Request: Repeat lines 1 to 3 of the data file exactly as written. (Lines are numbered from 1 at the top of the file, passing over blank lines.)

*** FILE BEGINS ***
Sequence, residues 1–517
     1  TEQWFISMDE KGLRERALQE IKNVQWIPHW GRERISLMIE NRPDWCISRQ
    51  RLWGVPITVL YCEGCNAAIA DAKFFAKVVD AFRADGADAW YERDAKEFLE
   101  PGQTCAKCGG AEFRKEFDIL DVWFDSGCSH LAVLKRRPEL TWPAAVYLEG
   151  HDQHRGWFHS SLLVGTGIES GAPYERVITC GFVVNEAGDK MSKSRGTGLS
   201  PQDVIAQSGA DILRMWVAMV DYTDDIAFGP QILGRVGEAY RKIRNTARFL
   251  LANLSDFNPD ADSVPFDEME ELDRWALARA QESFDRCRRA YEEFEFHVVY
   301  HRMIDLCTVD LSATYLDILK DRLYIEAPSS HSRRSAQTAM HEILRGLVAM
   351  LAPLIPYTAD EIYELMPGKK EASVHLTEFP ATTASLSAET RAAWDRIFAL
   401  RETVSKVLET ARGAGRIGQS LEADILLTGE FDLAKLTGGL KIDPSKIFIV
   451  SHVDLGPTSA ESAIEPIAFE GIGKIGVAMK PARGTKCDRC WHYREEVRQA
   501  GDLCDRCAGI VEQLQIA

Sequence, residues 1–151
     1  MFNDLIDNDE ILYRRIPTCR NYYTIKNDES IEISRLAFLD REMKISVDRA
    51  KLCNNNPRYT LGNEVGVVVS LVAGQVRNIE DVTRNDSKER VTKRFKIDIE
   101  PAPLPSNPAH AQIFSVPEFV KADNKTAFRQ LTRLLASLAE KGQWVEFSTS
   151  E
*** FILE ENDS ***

Sequence, residues 1–517
     1  TEQWFISMDE KGLRERALQE IKNVQWIPHW GRERISLMIE NRPDWCISRQ
    51  RLWGVPITVL YCEGCNAAIA DAKFFAKVVD AFRADGADAW YERDAKEFLE